I believe that we all shudder at the idea of indifference. Anger is passion, same as love. It means that a person cares, one way or another. But indifference… that is altogether different and scarier. It means that to someone, or to a group of people, or even to the whole world, something that you care about, or worse yet, your entire being, is something of no importance and no consequence. And there is nothing at all to do to fight indifference. A cold and indifferent heart can hardly be shaken by any desperate action.

There was one character that I found more tolerable than the entire bunch – Kostka. He was the only character that was not entirely closed off into his own world and wanted to give and not just get. There was also one quote from Kostka that made me think long and hard until I ended up agreeing:

“I can understand you, but that doesn’t alter the fact that such general rancor against people is terrifying and sinful. Because to live in a world in which no one is forgiven, where all are irredeemable , is the same as living in hell. You are living in hell, Ludvik, and I pity you.”

“I Served the King of England” by Bohumil Hrabal

I Served the King of England(Author: Bohumil Hrabal) + (Year: 1971) + (Goodreads)

(Around the World: Czech Republic)


Review:

I bought this book during my trip to Prague as part of my project to get a book or two in each new country I visit. Now, this is not my first Czech book, but I wanted to try a new Czech author nevertheless.

In my opinion, one of the best things about the book was actually the foreword. Unfortunately, I don’t have the book right now, so I can’t mention the author of the foreword, but they wrote a very informative, interesting and engaging analysis of both “I Served the King of England“, and Hrabal’s literature in general. Not knowing the author, it really helped me see some tendencies in his writing and in the themes he uses.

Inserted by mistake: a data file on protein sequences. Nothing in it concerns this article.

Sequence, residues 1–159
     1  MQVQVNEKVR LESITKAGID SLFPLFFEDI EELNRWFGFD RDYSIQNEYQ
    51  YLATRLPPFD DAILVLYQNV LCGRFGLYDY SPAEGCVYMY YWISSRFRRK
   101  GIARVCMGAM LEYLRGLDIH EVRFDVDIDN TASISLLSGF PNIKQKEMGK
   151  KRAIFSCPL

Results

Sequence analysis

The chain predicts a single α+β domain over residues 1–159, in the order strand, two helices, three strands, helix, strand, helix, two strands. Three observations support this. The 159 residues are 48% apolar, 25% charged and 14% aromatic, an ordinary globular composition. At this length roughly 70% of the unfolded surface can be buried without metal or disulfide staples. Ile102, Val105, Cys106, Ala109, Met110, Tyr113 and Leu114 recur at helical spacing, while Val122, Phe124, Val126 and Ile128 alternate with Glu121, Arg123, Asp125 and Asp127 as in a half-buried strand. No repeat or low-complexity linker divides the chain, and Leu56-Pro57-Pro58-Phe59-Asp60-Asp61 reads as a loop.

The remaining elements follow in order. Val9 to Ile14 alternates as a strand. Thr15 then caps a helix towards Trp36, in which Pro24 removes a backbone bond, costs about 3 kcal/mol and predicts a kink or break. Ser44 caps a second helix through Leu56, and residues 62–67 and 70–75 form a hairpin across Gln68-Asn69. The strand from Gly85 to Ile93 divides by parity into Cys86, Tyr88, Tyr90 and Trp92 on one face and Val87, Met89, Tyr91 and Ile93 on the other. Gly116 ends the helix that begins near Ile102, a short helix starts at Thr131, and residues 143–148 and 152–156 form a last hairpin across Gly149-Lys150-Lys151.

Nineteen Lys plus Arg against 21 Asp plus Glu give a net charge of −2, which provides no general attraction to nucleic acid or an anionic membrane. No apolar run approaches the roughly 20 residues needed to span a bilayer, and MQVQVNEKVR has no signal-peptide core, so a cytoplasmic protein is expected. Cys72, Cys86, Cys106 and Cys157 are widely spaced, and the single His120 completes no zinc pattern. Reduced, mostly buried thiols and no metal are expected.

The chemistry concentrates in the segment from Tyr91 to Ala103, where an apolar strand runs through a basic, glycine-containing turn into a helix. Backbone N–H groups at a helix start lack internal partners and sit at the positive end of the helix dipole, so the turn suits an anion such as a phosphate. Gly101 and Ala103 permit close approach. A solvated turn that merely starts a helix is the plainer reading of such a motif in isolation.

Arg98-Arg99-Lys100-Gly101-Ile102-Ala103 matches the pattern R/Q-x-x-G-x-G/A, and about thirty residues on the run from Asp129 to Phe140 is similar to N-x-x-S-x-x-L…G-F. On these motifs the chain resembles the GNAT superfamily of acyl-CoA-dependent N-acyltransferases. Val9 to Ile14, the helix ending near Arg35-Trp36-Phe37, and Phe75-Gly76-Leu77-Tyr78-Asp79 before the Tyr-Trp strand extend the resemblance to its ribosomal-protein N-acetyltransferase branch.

The book itself was not exactly to my liking. The story was rather interesting, but the atmosphere was very tight and suffocating. The main character was such a narrow-minded little man that his world was equally as small and claustrophobic. His experiences, even the ones he was most proud of and most happy about, always had a pinch of wrongness and just this general feeling about something dirty and repulsive happening. For example, as you can see in the cover of the book, he liked to put flowers in the pubic hair of the women he slept with. But those women were either prostitutes, or his Nazi-to-the-bone wife, and there was something very unpleasant and private about reading about his joy from this action.

I feel like this is something that often happens in European literature, and especially that of the ex-Communist countries. While in American literature even murder and gore are kind of shiny in description, in European literature, there is this sense of the author wanting to create shock in the reader through showing the reality in the most vulgar way possible. It is a thing I have always noticed in in every piece of art in Bulgaria – be it literature, movies, paintings, there is always sex. But it is not appealing, erotic sex. It’s always the kind of description of sex which makes you feel uncomfortable and in need of a hot shower and a lot of scrubbing.